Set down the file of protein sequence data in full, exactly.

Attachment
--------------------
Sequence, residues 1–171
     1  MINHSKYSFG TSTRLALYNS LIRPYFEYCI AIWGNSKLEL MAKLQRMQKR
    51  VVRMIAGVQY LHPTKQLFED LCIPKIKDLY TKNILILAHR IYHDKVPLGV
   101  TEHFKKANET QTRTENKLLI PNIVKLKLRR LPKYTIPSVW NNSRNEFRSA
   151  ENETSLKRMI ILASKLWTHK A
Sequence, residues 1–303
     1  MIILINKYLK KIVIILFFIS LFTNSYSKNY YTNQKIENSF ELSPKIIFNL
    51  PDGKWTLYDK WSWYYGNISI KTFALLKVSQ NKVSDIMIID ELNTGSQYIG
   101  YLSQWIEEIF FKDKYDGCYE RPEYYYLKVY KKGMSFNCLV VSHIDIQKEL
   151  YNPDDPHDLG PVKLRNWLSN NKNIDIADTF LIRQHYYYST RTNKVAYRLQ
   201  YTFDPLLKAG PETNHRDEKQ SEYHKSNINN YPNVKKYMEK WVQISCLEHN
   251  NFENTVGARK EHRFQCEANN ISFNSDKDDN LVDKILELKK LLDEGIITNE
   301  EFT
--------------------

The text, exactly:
Sequence, residues 1–171
     1  MINHSKYSFG TSTRLALYNS LIRPYFEYCI AIWGNSKLEL MAKLQRMQKR
    51  VVRMIAGVQY LHPTKQLFED LCIPKIKDLY TKNILILAHR IYHDKVPLGV
   101  TEHFKKANET QTRTENKLLI PNIVKLKLRR LPKYTIPSVW NNSRNEFRSA
   151  ENETSLKRMI ILASKLWTHK A
Sequence, residues 1–303
     1  MIILINKYLK KIVIILFFIS LFTNSYSKNY YTNQKIENSF ELSPKIIFNL
    51  PDGKWTLYDK WSWYYGNISI KTFALLKVSQ NKVSDIMIID ELNTGSQYIG
   101  YLSQWIEEIF FKDKYDGCYE RPEYYYLKVY KKGMSFNCLV VSHIDIQKEL
   151  YNPDDPHDLG PVKLRNWLSN NKNIDIADTF LIRQHYYYST RTNKVAYRLQ
   201  YTFDPLLKAG PETNHRDEKQ SEYHKSNINN YPNVKKYMEK WVQISCLEHN
   251  NFENTVGARK EHRFQCEANN ISFNSDKDDN LVDKILELKK LLDEGIITNE
   301  EFT